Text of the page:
Physiological copper exposure in Jurkat cells induces changes in the expression of genes encoding cholesterol biosynthesis proteins
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Copper is an essential micronutrient that functions as an enzymatic cofactor in a wide range of cellular processes. Although adequate Cu levels are essential for normal metabolism, excess Cu can be toxic to cells. Cellular responses to copper deficiency and overload involve changes in the expression of genes directly and indirectly involved in copper metabolism. However little is known on the effect of physiological copper concentration on gene expression changes. In the current study we aimed to establish whether the expression of genes encoding enzymes related to cholesterol (hmgcs1, hmgcr, fdft) and fatty acid biosynthesis and LDL receptor can be induced by an iso-physiological copper concentration. The iso-physiological copper concentration was determined as the bioavailable plasmatic copper in a healthy adult population. In doing so, two blood cell lines (Jurkat and THP-1) were exposed for 6 or 24 h to iso- or supraphysiological copper concentrations. Our results indicated that in cells exposed to an iso-physiological copper concentration the early induction of genes involved in lipid metabolism was not mediated by copper itself but by the modification of the cellular redox status. Thus our results contributed to understand the involvement of copper in the regulation of cholesterol metabolism under physiological conditions.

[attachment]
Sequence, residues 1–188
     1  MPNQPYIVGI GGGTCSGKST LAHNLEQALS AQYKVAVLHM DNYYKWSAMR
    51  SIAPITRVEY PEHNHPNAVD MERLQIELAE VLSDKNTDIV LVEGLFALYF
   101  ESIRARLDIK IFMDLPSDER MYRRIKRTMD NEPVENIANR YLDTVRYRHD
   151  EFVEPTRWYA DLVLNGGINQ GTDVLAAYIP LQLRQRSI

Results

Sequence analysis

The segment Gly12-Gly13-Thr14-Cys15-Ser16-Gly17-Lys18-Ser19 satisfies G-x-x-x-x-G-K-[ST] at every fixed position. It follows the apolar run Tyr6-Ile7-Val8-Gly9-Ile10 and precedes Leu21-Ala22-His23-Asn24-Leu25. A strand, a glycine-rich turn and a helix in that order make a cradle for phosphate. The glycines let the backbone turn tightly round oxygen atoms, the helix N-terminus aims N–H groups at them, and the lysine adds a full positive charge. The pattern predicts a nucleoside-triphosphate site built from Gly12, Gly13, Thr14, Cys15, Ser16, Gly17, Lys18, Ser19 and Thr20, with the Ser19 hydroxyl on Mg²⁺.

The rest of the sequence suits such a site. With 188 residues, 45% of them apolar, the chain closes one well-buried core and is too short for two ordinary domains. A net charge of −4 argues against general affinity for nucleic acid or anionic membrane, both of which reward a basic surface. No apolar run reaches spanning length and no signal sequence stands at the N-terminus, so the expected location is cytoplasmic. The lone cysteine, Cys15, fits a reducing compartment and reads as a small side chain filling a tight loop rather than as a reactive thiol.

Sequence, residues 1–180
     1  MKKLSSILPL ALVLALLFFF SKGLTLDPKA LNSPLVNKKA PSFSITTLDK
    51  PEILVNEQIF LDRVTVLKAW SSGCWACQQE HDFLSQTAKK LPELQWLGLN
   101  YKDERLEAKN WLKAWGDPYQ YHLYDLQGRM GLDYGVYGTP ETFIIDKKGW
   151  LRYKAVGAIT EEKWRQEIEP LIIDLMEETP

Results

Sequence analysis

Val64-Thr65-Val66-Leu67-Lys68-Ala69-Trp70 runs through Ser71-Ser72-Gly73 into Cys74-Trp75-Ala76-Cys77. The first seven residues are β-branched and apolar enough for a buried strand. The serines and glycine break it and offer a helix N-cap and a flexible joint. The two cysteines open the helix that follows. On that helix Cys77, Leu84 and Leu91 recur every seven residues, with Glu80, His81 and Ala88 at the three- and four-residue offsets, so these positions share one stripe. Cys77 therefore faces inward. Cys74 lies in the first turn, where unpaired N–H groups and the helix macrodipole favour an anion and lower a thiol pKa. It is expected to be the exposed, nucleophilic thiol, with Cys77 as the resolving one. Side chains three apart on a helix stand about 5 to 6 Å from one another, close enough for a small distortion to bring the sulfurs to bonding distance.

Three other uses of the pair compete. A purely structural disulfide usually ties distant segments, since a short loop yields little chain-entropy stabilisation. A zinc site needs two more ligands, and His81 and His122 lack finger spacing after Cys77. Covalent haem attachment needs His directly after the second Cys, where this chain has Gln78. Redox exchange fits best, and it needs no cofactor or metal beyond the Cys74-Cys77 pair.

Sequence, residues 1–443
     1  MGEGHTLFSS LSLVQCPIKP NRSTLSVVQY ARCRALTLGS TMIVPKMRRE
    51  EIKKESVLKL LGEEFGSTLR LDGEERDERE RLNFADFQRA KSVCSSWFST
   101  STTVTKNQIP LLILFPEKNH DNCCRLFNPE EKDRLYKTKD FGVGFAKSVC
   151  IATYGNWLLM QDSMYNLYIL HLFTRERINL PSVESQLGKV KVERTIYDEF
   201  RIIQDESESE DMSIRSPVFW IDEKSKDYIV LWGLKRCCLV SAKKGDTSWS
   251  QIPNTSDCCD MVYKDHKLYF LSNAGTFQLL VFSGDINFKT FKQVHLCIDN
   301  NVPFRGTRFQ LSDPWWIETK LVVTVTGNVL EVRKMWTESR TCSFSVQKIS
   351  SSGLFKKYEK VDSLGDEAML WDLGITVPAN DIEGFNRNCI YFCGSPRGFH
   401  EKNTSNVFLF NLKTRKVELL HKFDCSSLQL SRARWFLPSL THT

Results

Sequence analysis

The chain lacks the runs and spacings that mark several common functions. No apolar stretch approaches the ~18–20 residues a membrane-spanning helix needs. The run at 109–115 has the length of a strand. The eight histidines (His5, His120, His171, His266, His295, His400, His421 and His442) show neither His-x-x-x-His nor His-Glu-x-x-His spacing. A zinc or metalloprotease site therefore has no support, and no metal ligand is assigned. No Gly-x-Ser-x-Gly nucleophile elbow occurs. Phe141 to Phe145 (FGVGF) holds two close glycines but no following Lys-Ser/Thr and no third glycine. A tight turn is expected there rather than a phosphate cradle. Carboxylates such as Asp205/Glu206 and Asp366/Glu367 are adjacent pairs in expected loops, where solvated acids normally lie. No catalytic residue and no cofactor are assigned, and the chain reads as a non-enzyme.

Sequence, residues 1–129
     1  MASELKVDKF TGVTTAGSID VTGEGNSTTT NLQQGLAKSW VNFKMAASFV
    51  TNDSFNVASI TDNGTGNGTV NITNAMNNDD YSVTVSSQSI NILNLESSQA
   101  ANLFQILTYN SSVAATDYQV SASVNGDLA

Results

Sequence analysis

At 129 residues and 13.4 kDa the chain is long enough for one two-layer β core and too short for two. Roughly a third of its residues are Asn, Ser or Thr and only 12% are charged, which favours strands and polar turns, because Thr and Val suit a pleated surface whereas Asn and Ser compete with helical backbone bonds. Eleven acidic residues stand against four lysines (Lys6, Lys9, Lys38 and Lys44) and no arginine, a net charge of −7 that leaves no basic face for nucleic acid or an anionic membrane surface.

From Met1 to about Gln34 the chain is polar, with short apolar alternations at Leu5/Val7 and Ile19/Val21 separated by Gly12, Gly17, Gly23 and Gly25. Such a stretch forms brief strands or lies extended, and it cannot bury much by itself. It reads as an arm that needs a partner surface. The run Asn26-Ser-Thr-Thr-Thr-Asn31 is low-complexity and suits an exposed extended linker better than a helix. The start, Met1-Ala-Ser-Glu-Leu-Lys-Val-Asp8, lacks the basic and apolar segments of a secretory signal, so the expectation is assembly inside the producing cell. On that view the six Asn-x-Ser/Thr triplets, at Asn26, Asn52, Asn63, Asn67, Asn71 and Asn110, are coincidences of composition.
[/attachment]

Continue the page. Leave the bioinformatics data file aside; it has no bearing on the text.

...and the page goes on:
KeywordsGene expression Copper Cholesterol ROS Jurkat THP-1
Funding sources: This research was supported by grants from FONDECYT 3120098, 11070255, 1110427 and 1120254 and FONDAP 15090007.
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